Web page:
The Cone family had roots in Altenstadt, Swabia, in southern Germany. It was Moses Herman’s father, also called Herman, emigrated to Richmond in 1846 at age 17, where he lived with his older sister and her family. He changed the family surname from Kahn to Cone to adapt to his new environment.

In 1870, Herman Cone and his wife Helen (née Guggenheimer) moved from Jonesborough, Tennessee, to Baltimore, Maryland. At the time, they had seven children; six more followed. In the late nineteenth century, Baltimore was home to a large and thriving German-Jewish community, and the Cones fit in well. This photograph of the Cones playing cards in their home at 1607 Eutaw Place was taken in 1895, two years before Herman’s death.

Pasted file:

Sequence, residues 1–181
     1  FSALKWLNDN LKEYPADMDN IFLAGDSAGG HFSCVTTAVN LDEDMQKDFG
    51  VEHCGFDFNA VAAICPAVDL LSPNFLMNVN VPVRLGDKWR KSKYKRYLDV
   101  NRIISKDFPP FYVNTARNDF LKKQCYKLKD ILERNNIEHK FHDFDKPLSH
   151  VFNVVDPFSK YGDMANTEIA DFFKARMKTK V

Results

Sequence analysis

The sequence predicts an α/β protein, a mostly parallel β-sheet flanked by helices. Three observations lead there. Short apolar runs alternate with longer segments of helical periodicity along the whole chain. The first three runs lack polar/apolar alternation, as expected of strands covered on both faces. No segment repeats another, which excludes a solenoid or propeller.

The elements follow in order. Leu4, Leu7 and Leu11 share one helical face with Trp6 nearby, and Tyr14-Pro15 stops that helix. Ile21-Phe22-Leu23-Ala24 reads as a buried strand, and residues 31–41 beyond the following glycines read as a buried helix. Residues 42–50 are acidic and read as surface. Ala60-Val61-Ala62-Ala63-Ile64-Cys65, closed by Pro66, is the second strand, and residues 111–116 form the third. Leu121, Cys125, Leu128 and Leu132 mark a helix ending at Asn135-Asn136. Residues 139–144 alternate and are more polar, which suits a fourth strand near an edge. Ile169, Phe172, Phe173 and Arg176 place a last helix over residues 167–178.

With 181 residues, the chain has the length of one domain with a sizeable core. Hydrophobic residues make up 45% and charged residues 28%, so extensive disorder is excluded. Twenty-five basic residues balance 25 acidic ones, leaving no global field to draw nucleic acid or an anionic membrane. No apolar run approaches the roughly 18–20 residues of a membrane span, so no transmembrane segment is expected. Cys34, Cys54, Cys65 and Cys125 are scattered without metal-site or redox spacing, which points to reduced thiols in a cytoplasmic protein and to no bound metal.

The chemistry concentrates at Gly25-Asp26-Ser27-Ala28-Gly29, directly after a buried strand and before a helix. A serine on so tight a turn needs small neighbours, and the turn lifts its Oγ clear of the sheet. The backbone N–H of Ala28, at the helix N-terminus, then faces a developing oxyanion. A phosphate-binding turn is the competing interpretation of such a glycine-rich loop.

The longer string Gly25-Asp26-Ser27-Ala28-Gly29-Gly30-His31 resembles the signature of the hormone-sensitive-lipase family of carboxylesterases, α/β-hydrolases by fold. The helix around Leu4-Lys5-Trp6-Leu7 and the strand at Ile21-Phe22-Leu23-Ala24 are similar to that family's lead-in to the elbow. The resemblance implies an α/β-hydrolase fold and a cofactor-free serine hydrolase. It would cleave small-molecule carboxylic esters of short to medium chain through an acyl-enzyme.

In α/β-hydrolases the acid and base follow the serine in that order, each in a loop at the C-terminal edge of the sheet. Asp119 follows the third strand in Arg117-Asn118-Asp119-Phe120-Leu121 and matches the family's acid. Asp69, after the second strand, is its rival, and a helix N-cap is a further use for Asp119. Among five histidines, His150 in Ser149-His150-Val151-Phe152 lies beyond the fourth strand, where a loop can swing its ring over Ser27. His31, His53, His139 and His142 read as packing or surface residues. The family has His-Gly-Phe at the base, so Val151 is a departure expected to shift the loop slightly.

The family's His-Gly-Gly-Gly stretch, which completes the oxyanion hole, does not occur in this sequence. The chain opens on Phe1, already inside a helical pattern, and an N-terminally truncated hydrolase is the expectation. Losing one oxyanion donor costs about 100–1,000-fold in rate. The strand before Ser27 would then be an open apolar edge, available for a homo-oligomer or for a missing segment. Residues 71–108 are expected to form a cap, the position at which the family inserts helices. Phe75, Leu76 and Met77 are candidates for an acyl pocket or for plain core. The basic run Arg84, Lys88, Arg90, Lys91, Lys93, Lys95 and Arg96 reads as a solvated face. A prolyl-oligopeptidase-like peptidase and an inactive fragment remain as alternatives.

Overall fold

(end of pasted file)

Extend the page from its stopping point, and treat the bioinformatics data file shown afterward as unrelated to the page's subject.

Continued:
Their son Moses Herman Cone (June 29, 1857 – December 8, 1908) was an American businessman, textile entrepreneur, conservationist, and philanthropist of the Gilded Age, who was active in the eastern and southern United States. Together with his brother, he founded Cone Export & Commission Company in New York City along with Anderson Price and Jay C. Guggenheimer as the other major stockholders. They also purchased and converted defunct mills to satisfy the demand for cotton fabrics, especially denim. Cone manufactured other unusual textile fabrics, and founded a company that became a leading manufacturer of denim. His company was a major supplier to Levi Strauss and Company for nearly a century.

Moses Herman’s childhood home was torn down to make room for apartment buildings. The first photo shows the elegance of the Eutaw Place neighborhood around 1900. The large brownstone houses faced tree-lined streets and a park-like setting.

Rate us and Write a Review






Your review is recommended to be at least 140 characters long